• Brain function, resulting in lowered cognitive abilities, poor memory and reduced concentration
  • Exercise capabilities, muscle strength and endurance, resulting in physical weakness and poor coordination
  • Digestion, resulting in heartburn, indigestion, bloating, and acid reflux
  • Neurotransmitter production, resulting in lowered mood and difficulty controlling emotions
  • Blood sugar and insulin levels, resulting in unstable blood glucose levels, insulin resistance and weight gain
  • Stress levels, resulting in food cravings, overeating, weight gain and poor sleep

Per the World Health Organization, over time a nutrient deficient diet and lack of physical activity contributes to major nutrition-related chronic diseases:

  • Cardiovascular disease – Cardiovascular disease is to a large extent attributed tounbalanced diets and physical inactivity.
  • Type 2 diabetes, eye and kidney diseases – Obesity and inactivity largely account for the escalating rates of type 2 diabetes. Diabetes can lead to increased risk of stroke, as well heart, kidney and eye disease.
  • High blood pressure, triglyceride and cholesterol levels – These are all factors in the diagnosis of metabolic syndrome and increased risk of developing chronic diseases.
  • Osteoporosis – Adequate vitamin C and calcium, along with sensible sun exposure and physical activity is necessary to strengthen bones and muscles.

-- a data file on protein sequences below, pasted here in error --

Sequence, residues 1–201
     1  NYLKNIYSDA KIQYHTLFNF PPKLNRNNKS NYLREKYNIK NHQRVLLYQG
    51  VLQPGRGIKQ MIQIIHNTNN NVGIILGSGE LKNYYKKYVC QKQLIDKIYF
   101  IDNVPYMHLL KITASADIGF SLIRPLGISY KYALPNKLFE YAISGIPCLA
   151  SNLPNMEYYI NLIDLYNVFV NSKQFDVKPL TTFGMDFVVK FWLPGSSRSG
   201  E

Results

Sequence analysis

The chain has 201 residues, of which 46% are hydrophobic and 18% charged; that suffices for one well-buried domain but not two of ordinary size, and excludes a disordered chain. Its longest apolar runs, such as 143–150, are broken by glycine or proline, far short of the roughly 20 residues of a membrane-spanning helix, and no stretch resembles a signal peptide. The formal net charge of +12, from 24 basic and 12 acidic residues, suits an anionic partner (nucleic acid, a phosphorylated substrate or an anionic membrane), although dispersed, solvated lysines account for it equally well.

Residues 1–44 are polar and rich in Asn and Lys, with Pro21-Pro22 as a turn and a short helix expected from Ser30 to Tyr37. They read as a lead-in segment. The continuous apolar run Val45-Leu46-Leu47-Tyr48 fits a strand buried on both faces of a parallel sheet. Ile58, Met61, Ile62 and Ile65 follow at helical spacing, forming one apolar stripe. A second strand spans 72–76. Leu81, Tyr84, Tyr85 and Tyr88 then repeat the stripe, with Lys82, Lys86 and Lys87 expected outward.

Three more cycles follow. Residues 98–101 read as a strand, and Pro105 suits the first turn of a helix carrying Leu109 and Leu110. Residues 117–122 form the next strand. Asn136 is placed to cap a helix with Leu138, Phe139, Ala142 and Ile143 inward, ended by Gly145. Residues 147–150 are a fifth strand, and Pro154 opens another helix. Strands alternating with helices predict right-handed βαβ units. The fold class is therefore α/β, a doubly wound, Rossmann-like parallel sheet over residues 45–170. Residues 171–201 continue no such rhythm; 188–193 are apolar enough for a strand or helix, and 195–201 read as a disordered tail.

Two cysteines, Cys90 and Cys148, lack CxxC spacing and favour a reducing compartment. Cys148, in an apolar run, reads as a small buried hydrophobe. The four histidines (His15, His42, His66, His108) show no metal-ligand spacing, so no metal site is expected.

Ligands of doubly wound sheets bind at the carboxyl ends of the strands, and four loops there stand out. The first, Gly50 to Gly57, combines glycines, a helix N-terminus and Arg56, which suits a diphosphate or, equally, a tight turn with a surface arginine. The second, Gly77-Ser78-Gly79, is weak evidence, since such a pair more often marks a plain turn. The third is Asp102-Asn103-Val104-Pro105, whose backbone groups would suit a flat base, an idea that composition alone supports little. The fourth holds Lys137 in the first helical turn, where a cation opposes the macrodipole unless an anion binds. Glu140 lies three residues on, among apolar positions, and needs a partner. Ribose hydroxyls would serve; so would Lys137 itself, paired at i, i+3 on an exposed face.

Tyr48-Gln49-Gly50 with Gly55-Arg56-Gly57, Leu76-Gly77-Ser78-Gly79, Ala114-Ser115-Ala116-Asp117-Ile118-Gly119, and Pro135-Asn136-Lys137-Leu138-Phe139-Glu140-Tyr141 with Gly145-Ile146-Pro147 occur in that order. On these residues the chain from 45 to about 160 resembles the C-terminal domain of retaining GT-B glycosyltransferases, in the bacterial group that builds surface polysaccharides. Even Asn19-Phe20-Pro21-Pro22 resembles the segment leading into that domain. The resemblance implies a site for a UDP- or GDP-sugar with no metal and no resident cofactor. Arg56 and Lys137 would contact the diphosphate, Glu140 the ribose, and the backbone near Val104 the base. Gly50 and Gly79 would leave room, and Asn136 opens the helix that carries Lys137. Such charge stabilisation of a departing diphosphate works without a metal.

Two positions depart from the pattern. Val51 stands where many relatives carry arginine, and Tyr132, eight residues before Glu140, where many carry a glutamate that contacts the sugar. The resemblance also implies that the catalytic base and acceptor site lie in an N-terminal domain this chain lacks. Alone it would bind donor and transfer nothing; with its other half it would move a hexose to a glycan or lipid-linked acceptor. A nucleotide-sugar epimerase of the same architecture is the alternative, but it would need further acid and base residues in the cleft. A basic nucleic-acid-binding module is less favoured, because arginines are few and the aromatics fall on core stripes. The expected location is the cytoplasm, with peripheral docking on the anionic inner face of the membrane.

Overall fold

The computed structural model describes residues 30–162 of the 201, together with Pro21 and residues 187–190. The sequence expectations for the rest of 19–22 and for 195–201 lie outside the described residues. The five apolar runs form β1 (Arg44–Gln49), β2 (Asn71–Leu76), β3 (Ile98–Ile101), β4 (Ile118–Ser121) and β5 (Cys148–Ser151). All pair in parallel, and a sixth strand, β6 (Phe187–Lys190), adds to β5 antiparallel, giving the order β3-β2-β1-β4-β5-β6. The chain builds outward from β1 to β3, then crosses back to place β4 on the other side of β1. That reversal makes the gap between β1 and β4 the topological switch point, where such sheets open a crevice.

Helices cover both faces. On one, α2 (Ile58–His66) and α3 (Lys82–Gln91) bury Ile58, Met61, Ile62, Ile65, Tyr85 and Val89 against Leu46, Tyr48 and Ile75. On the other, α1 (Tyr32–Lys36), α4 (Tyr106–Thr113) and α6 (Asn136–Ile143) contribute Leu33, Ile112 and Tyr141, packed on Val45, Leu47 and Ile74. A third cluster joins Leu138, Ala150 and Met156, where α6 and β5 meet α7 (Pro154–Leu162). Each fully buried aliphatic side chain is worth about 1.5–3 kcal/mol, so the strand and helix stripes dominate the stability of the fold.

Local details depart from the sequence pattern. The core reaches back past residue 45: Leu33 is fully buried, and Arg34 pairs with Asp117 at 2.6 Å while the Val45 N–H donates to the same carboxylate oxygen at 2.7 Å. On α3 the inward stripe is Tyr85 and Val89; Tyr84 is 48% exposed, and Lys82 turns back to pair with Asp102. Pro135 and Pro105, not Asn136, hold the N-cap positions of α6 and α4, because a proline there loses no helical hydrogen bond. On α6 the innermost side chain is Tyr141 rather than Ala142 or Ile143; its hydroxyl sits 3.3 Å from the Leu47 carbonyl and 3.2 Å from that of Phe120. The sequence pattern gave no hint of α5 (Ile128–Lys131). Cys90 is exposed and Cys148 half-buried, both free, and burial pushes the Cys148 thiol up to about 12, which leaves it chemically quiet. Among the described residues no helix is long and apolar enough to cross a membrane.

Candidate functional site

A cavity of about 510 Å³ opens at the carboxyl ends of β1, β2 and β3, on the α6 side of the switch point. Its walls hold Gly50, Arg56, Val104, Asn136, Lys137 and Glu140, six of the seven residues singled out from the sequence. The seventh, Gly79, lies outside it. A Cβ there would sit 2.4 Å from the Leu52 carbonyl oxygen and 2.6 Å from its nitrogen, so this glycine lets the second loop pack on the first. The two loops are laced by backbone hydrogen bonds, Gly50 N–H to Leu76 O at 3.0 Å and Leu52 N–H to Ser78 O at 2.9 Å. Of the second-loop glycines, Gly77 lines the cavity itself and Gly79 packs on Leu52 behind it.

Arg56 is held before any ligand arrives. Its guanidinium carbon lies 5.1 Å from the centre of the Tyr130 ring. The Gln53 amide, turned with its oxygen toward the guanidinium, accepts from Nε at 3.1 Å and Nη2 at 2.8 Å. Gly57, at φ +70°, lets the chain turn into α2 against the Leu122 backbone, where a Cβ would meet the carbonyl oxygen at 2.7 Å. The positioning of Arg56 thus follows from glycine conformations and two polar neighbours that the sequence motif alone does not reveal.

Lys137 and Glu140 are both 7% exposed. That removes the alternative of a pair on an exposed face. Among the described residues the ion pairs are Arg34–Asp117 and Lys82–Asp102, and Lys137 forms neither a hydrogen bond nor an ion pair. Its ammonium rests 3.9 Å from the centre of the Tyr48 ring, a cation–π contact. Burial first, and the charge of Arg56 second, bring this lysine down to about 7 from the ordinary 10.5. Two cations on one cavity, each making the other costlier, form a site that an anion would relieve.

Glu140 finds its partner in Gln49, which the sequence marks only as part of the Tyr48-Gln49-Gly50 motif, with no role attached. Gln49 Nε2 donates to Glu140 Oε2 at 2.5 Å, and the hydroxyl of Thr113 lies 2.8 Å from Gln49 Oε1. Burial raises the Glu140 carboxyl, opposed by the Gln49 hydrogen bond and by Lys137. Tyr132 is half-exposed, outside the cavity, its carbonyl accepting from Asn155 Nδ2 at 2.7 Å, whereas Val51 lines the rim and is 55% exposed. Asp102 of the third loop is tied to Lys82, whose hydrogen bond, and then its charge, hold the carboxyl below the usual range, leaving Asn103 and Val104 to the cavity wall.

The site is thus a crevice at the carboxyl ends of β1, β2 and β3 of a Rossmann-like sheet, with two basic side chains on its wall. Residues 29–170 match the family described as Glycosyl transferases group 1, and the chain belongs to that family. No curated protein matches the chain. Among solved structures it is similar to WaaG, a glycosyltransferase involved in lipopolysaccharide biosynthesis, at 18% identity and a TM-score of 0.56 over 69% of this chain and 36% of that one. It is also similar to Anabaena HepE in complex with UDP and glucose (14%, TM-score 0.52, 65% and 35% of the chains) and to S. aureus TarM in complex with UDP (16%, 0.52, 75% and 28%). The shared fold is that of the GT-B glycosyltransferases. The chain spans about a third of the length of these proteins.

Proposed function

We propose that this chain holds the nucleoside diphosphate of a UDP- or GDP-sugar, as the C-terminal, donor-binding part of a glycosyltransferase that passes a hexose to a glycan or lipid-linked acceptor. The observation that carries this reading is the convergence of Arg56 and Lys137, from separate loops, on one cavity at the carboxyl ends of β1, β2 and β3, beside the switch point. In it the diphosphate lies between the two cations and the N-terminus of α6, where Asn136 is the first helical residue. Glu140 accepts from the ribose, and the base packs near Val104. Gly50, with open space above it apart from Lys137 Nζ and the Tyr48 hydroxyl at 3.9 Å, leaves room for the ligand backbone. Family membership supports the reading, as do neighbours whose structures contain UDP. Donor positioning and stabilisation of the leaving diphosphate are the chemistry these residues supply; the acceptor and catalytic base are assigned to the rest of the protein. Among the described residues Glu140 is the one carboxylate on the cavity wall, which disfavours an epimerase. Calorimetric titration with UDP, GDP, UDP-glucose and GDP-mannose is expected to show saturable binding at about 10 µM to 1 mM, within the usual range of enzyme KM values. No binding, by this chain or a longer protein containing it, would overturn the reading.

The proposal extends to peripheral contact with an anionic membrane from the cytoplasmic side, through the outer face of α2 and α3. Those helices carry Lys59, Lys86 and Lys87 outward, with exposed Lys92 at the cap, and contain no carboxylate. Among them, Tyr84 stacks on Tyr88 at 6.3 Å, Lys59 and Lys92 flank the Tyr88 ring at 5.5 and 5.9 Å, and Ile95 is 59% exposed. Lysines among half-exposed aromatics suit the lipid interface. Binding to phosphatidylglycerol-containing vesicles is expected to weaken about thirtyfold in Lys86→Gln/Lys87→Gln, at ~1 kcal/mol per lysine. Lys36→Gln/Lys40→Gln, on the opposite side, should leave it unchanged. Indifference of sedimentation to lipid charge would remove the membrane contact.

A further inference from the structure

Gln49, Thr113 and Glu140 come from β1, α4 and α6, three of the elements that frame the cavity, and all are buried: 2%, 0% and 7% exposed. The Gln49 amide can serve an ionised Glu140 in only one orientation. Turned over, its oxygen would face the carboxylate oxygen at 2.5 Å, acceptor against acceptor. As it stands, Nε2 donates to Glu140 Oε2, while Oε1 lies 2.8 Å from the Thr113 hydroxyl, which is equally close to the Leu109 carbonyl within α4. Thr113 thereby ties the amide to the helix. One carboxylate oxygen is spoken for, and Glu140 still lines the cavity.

• Obesity – The imbalance between low energy expenditure and high caloric intake are the main determinates in the obesity epidemic.
  • Osteoarthritis – The most important relationship between diet and arthritis is a healthy weight. A whole food nutritious diet has anti-inflammatory effects to help ease arthritis symptoms. Combining a healthy diet with regular exercise will assist weight loss, and take pressure off joints for pain reduction.
  • Cancers – Although tobacco use is still the number one cause of cancer, dietary factors contribute significantly. Maintaining a healthy weight, limiting alcohol, and ensuring adequate whole food intake can reduce cancer risks.

Remember for many people chronic disease is not inevitable. The quality of food consumed in relation to physical activity are the key determinates of nutrition related chronic diseases. Making better food choices puts you in control of your health and quality of life. Physical activity to balance energy intake plays an equally essential role in determining health and longevity and is key to maintaining proper weight for optimal health. When you make healthy nutrition and physical activity a priority, weight loss and improved metabolic health should naturally follow. To foster strength, energy and health, eat nutritious foods and find time to be active every day.

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Diet, nutrition and the prevention of chronic diseases. http://www.who.int/dietphysicalactivity/publications/trs916/summary/en/
Why Good Nutrition is Important. https://cspinet.org/eating-healthy/why-good-nutrition-important
Disease Prevention. https://www.hsph.harvard.edu/nutritionsource/disease-prevention/
Short Term Effects of Bad Eating Habits. http://www.health.harvard.edu/healthbeat/how-stress-can-make-us-overeat
How stress can make us overeat. http://www.health.harvard.edu/healthbeat/how-stress-can-make-us-overeat
Long Term Effects of Bad Eating Habits. http://healthyeating.sfgate.com/longterm-effects-bad-eating-habits-10555.html
The Importance of Good Nutrition. http://www.tuftsmedicarepreferred.org/healthy-living/expert-knowledge/importance-good-nutrition